La Ronde at the White Bear - just a load of shagging under sheets?

La ronde lg sq I think I'm going to have to file the production of Arthur Schnitzler's La Ronde at the White Bear in the same category as Top Girls. It's a play that is of its early 20th century time.

David Hare's modern makeover in 1998, called the Blue Room, caused a stir because - Shock! Horror! - the audience caught a glimpse of Nicole Kidman's bare arse. The difference between Blue Room and La Ronde being that with the former, no one batted an eyelid about the male full frontal nudity, which is ironic on several levels, while in the early 1900s sex as a subject matter caused violent outrage.

But I get ahead of myself. La Ronde is a series of short scenes each revolving around a sexual encounter. The scenes are linked as one character from each moves onto the next so that the soldier who sleeps with the prostitute goes on to seduce the maid and so on through the classes finishing with a Count sleeping with the prostitute.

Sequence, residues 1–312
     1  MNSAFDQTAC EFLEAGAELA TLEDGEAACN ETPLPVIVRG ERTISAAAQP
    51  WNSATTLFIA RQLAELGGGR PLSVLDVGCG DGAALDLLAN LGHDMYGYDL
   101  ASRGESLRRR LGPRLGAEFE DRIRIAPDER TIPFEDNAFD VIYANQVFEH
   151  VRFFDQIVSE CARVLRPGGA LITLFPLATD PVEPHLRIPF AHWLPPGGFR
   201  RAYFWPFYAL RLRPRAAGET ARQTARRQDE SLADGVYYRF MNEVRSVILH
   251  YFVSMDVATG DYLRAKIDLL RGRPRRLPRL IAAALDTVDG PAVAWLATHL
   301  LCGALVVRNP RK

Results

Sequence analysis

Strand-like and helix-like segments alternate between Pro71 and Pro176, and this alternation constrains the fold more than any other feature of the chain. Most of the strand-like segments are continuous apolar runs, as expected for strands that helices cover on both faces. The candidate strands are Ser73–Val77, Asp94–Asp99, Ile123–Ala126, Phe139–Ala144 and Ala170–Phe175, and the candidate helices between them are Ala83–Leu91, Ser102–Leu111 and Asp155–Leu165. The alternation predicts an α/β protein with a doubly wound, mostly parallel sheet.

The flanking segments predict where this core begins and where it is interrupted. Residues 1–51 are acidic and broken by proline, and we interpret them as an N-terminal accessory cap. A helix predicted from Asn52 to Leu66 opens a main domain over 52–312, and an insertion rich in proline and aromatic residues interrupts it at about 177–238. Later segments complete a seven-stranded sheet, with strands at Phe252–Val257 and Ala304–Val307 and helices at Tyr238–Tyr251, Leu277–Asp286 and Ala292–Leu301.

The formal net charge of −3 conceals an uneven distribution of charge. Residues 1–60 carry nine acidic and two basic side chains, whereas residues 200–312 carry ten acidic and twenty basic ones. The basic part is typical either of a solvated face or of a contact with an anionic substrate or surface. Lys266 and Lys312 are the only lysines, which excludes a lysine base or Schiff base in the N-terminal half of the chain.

Schnitzler wanted to examine morals and sexuality. I imagine at the time it was written it was shocking for not only blatantly discussing that people had sex but also that everyone was at it.

Today neither of these things raise so much as an eyebrow. The play being pre-sexual revolution has the men dominating while the women lie back and think of Austria. There are a few exceptions though.

You could argue that in a modern context it is interesting to debate just how far or otherwise the sexual revolution has got women but this play is more about the morality of it all rather than women. The Harbinger Theatre Production Company has updated the setting to the 1950s but I'm not sure what that actually adds.